Lincoln was a complicated man, as we all are, who at times changed his mind, at times struggled to change things he knew had to be changed, and is often quoted by his detractors as to his main goal of preserving the Union, whether that meant retaining some slavery or not, but it is hard to misunderstand his musing that “…this union cannot stand half-slave and half free.”  He did save his country and eliminated slavery at the same time.   I have visited his memorial in Washington many times.  I see a brooding, tormented man, determined to continue the struggle on which he and so many others had embarked, simply because they were on the right side.  To such leaders are monuments rightfully built, and they remind the population of such strength of purpose.

Now comes the point of all the history I have thrown in a short time.  The country finds itself once again in a spasm of strained race relations.  I have seen these come and go before.  I feel confident this one will go its way as the others have.

If you have read this blog before, you know how I feel about the exhibiting of the Confederate battle flag in public places.  It is a symbol of defiance of the legally-constituted government of the United States, the same government I twice swore to defend against all enemies, foreign and domestic.  Though I have no power to enforce my beliefs, I do not like to see this emblem on public display.  This flag was not widely flown in the United States before 1948, when Democratic Senator Strom Thurmond of South Carolina walked out of the Democratic national convention in protest of President Truman’s nascent push for civil rights.  The counterpush–for preservation of a system of caste based on skin color, from elementary schools to cemeteries, putting persons of color permanently in a position of inferiority–gained strength during the administration of President Lyndon Johnston, as Johnston engaged in a prolonged, and successful, effort to establish equal right to strive for all under the law.  There is no other meaning to it, despite smooth-talking types who insist it is a representation of some vague “heritage and way of life.”  Well, OK, maintain your heritage of a distinct speech pattern, public manifestations of religion in defense of whatever you want. Those are matters of heritage.  But just the fact that some forbear of yours rode with General Lee does not entitle you to ignore the law of the land.  You may hate in your heart, but not incite violence and foment hate in the public square with your speech or your actions.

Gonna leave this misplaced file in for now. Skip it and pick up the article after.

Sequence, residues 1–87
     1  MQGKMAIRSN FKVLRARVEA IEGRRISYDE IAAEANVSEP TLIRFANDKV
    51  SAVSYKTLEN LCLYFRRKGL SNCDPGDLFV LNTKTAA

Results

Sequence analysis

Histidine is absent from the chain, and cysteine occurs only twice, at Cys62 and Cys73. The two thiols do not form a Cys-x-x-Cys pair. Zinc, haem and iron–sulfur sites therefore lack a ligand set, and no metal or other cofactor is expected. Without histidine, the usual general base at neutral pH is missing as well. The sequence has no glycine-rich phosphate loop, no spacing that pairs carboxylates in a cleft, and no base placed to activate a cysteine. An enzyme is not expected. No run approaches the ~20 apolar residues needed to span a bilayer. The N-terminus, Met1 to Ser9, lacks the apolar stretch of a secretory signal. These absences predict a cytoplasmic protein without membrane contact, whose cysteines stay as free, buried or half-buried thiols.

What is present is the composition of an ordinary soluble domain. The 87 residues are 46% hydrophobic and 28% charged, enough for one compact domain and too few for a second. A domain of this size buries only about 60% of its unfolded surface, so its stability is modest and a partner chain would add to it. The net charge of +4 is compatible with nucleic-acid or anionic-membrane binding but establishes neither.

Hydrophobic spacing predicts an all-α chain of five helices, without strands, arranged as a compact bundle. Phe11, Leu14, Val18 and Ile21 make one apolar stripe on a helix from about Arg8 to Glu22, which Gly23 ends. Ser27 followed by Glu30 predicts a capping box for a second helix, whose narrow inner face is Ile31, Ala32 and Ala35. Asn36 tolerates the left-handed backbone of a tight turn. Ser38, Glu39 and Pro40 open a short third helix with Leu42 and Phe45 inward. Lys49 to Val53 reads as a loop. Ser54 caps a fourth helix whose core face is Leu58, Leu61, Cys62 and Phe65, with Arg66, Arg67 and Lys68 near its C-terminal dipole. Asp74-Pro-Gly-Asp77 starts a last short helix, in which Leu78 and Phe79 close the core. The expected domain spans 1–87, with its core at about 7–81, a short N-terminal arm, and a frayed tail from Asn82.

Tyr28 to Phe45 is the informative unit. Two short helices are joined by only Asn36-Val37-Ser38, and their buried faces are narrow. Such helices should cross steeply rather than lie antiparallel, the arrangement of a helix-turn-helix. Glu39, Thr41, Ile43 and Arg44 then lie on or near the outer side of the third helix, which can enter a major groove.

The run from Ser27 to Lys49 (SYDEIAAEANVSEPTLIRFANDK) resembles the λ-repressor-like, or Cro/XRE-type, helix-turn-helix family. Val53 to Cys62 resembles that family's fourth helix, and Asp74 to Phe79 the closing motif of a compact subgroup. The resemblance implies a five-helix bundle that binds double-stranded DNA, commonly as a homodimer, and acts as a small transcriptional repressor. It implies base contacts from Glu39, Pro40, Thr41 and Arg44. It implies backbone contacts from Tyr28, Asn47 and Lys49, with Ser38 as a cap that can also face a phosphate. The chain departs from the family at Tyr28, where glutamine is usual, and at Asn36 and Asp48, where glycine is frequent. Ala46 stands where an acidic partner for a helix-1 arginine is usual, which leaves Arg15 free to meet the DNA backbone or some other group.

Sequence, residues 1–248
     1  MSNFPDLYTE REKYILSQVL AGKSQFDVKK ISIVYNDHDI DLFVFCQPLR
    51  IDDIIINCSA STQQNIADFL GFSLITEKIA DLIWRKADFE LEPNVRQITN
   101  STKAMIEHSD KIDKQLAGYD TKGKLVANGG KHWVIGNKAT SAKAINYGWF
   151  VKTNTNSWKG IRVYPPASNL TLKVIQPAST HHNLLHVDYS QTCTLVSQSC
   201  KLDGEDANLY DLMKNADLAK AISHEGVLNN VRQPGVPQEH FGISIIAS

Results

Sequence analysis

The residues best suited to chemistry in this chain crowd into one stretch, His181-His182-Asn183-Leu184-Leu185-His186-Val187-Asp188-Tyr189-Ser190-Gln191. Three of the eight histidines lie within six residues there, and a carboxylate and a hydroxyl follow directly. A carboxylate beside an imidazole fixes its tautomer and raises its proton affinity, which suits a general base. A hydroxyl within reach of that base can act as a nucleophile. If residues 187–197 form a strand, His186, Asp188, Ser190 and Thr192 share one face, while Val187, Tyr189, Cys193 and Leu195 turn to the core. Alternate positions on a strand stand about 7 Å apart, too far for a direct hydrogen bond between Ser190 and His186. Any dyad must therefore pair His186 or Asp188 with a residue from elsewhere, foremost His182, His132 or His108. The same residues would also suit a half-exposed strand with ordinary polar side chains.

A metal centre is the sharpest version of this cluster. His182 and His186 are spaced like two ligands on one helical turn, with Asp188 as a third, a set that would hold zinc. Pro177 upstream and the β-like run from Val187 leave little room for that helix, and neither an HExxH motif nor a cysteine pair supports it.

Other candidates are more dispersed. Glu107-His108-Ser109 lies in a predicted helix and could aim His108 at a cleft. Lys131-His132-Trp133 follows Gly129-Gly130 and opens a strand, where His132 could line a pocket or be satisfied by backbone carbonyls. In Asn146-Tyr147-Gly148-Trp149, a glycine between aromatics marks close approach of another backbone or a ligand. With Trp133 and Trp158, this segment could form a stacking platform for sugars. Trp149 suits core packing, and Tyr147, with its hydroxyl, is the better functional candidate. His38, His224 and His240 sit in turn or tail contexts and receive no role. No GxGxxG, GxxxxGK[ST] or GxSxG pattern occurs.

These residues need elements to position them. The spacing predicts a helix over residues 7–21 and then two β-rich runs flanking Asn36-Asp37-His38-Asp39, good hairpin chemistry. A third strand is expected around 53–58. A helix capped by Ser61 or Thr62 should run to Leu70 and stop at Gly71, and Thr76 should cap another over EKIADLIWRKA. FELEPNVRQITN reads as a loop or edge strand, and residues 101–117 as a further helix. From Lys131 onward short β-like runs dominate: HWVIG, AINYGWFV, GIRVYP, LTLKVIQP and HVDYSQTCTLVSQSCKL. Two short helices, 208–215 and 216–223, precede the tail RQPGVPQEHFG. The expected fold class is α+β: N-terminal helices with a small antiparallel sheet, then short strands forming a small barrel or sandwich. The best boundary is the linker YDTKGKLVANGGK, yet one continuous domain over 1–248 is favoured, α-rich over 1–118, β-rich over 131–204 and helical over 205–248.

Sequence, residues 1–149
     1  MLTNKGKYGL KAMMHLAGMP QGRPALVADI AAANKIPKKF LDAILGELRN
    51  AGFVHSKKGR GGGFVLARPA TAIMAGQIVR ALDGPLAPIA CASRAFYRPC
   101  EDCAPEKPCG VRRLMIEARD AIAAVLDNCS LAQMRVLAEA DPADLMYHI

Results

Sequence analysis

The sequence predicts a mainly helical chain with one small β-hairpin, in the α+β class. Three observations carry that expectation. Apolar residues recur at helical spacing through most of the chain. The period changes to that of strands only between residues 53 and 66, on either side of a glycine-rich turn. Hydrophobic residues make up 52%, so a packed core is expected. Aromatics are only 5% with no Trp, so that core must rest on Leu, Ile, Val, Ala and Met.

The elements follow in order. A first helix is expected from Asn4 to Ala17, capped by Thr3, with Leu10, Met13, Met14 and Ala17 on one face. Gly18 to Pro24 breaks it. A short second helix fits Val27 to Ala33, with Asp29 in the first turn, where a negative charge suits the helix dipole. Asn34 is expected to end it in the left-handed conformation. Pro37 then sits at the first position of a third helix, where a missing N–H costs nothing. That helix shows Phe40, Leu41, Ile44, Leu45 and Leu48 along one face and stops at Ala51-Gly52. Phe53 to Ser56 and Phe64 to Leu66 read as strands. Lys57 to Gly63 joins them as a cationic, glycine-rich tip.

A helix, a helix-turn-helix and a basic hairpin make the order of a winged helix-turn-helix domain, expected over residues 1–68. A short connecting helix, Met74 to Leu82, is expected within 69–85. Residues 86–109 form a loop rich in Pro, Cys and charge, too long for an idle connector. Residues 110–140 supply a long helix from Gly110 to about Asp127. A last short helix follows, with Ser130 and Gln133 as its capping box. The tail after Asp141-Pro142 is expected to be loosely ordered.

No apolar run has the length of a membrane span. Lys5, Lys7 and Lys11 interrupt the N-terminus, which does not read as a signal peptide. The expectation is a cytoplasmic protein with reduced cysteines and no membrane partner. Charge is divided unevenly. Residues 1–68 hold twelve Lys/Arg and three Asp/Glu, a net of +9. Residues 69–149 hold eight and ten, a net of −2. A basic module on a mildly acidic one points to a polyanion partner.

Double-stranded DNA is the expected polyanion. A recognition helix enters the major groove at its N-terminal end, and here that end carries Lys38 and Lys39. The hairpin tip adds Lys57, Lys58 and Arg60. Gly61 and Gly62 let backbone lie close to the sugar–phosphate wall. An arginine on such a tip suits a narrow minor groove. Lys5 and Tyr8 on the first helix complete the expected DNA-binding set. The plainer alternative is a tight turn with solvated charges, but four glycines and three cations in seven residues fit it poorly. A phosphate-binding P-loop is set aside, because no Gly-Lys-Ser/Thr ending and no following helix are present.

Similarly, I have been disgusted by the outpouring of sympathy for some statues in various public spaces, mostly, though not all, in southern states.  Two examples will suffice: Nathan Bedford Forrest and Robert E. Lee.  The former was a Lieutenant General in the Confederate Army who led troops mostly in Tennessee.  He was a ferociously talented military tactician, by all accounts, but his fame/infamy stems from a couple of deeds, primarily.  In Tennessee, during one battle, his troops had defeated a Union garrison composed in large part of freed slaves, poorly trained and poorly armed.   When Forrest’s troops surrounded the survivors, they simply murdered the survivors where they stood, even as survivors begged for their lives.  Some historians claim Forrest was unaware of the actions taken by those in his command.  At any rate, neither he nor anyone in his command was ever called to account for this action.  A couple of years after the war, he was or was not, according to the account you choose to believe, named the first Grand Dragon of the Imperial Knights of the Ku Klux Klan. What is not in dispute at all is that he was there at the Klan’s founding.  For this you get honored with equestrian statues all over the South?

As for General Lee, he was married to a descendant of George Washington, and was Virginia aristocracy as pure as they came.  He had a good position in the US Army, even serving as the Superintendent of the US Military Academy at one point.  Lee at one point swore that same oath to defend the United States from all enemies, both foreign and domestic, but instead served at the head of an army of those enemies.  Just as Lincoln was complicated, I suspect Lee was, too.  He was not severely punished for his role in the deaths of so many over the fate of the Union.  He spent many lives on his own side and took many on the other side.  His land was later appropriated for the land that today forms Arlington National Cemetery.  A soldier’s grave there might have been appropriate.  Statues in his honor in public squares are not.

After the war, such figures as Jefferson Davis, the supposed President of the Confederacy, and others, began a campaign of revisionist history that would cast the rebellion and insurrection of thousands against the United States as a noble but doomed “lost cause.”  Don’t believe it.  There was nothing noble about the “cause” of racial supremacy, and there isn’t now.  They deserved to lose.  Putting this all behind us as a nation is just a matter of decency.